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Study: Physicians make stronger HPV vaccination recommendations for older children :

September 16, 2019

Primary care physicians are more likely to strongly recommend HPV vaccination for teenagers than younger children, despite expert recommendations, according to a new study.

The Centers for Disease Control and Prevention (CDC) recommends vaccinating 11- and 12-year-olds but says vaccination can begin as early as age 9. The AAP recommends starting the HPV vaccine series between ages 9-12 years.

HPV vaccine protects against certain types of cancer, but vaccination rates continue to lag behind other vaccines. About 68% of teens had received at least one dose in 2018, and 51% were fully vaccinated against HPV, according to the 2018 National Immunization Survey — Teen. Girls continue to be vaccinated at a higher rate than boys.

Researchers from the University of Colorado and the National Center for Immunization and Respiratory Diseases surveyed 302 pediatricians and 228 family physicians to learn about their recommendation styles. Results are reported in “HPV Vaccine Delivery Practices by Primary Care Physicians,” (Kempe A, et al. Pediatrics. Sept. 16, 2019,

About 65% of pediatricians reported always or almost always using a presumptive recommendation style compared to 42% of family physicians. In this style, they announce it is time for the vaccine instead of indicating it is merely something to consider. More physicians are using this style than five years prior, especially pediatricians, according to the study.

Teenagers tended to get stronger recommendations from both physician groups compared to younger children. Among pediatricians, 99% made strong recommendations to girls ages 15 and older, while they were least likely to do so for 11- to 12-year-old males (83%). Similarly, family physicians were most likely to make strong recommendations to girls 15 and older (90%) and least likely to make a strong recommendation to 11- to 12-year-old males (66%)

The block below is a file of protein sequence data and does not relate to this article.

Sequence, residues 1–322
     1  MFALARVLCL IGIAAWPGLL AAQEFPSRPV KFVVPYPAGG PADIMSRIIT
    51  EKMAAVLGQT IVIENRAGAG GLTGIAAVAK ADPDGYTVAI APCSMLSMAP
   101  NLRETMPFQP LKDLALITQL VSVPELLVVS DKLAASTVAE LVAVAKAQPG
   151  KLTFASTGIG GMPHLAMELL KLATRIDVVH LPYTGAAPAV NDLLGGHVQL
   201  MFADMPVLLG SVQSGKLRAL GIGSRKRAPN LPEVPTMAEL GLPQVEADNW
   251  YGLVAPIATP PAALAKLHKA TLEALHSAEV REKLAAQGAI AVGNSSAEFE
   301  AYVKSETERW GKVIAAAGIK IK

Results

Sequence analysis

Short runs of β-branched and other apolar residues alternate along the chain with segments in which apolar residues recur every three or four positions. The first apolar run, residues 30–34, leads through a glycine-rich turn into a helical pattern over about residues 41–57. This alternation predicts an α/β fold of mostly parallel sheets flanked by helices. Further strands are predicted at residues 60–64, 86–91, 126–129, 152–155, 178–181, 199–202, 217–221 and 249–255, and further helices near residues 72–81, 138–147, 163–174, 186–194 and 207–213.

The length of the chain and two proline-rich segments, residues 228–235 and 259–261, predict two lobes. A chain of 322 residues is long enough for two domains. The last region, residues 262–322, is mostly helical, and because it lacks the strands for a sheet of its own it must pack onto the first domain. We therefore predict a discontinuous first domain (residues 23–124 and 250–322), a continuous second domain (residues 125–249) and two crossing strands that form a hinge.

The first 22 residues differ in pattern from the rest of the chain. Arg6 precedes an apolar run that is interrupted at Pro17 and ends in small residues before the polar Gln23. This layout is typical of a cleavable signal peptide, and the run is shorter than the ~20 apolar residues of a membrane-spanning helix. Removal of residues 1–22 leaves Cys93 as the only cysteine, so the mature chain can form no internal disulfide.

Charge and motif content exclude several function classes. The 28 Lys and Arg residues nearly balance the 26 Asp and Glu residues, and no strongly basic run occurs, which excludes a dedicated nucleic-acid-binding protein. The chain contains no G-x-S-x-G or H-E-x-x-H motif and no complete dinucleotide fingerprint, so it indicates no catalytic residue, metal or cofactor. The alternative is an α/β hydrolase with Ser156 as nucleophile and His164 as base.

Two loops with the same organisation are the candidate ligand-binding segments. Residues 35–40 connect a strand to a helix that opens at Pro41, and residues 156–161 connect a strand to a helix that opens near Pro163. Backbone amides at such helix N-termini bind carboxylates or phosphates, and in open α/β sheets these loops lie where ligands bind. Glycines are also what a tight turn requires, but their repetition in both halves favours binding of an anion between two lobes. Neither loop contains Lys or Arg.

Physicians said parents seeing misinformation about the vaccine online can lead to a refusal as well as parental concerns about safety, questions about whether the vaccine is necessary or religious opposition. Refusals and deferrals were more likely when patients were young or male.

When physicians did not use a strong recommendation or presumptive style or if they anticipated an uncomfortable conversation, their 11- to 12-year-old patients were more likely to refuse or defer the vaccine, according to the study.

“The circular nature of provider anticipation of refusal or deferral potentially leading to a weaker recommendation style and less persistence in responding to parental hesitancy could be creating a self-perpetuating cycle within a subgroup of physicians,” authors wrote.

Physicians also reported they believe the two-dose schedule approved by the CDC’s Advisory Committee on Immunization Practices in late 2016 has helped boost completion rates for the HPV vaccine series, but some also reported they aren’t as knowledgeable about the new recommendations.

Authors encouraged physicians to continue to improve their communication with families regarding HPV vaccine.

“Increased use of available communication training materials and applications as well as further development of evidence-based messages for parents may be helpful in improving the way HPV vaccination is introduced,” they wrote.

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